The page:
Somatic Dysfunction in an Irish Male Alcoholic Population
Alcohol has a long tradition of use as a drug for the relief of psychological and physical symptoms. However, chronic excessive drinking results in wide spread damage to the body causing a multitude of physical symptoms and signs (Holt et al., 1981). Numerous studies have drawn attention to the association between alcoholism and organic pathology. Studies in alcoholics indicate an increased incidence of gastritis (Wynn Williams 1956), peptic ulcer (Engeset et al., 1963), and pancreatitis (Cogbill et al., 1970). Hepatitis and cirrhosis of the liver are known to be related to alcoholism (Brunt, T.W. 1971). The relationship of cardiac disease and excessive alcohol intake have been reviewed by Saunders (1970). Nolan (1965) in a review of 900 consecutive admissions to a general hospital considers that 10% was due to disease in which alcohol played a major etiological role. Green (1965) found that 12.1% of 1000 admissions hospitalized for medical reasons were alcoholics, and 3.4% of total admissions suffered from disease in which alcohol was a definite etiological factor. The mortality rate for delirium tremens can be as high as 10% and is related according to some authorities (Detre et al., 1971) to the incidence of medical disorders seen in alcoholics going through withdrawal. In spite of the impressive literature on the subject, Sundby (1967) states that the role played by alcohol as a factor in somatic disease, is usually disregarded by physicians, unless patients exhibit acute symptoms such as delirious reactions or convulsive attacks. Conversely, psychiatrists need to be reminded that frequently alcoholic patients may conceal non-acute physical pathology beneath their psychological symptoms.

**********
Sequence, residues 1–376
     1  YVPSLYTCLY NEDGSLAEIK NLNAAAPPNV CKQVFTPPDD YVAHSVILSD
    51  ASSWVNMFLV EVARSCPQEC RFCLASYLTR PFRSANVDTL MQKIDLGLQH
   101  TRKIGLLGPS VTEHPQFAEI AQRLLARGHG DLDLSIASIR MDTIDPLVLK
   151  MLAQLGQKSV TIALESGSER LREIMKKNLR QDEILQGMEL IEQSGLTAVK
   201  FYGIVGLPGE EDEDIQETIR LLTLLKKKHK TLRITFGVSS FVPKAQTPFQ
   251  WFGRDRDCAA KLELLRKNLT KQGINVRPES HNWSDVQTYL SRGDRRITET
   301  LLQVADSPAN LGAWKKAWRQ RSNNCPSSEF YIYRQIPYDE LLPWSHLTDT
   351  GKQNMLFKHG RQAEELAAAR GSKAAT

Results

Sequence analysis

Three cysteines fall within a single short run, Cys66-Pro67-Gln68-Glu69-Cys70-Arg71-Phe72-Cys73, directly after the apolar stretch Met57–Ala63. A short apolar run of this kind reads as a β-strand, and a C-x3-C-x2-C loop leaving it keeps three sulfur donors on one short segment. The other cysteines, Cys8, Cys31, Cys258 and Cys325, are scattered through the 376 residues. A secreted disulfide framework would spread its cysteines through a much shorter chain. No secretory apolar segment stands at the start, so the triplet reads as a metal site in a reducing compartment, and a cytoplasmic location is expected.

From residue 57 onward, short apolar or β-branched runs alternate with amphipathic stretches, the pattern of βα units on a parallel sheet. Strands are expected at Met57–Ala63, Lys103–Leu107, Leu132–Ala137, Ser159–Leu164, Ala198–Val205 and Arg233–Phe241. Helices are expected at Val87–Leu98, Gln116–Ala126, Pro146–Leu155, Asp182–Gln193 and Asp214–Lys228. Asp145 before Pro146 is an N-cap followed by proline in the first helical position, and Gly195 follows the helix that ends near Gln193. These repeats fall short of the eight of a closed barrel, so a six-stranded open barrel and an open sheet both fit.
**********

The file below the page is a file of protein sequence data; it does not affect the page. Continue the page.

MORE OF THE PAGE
KeywordsDuodenal Ulcer Canadian Medical Association Journal Delirium Tremens Organic Pathology Physical Disorder
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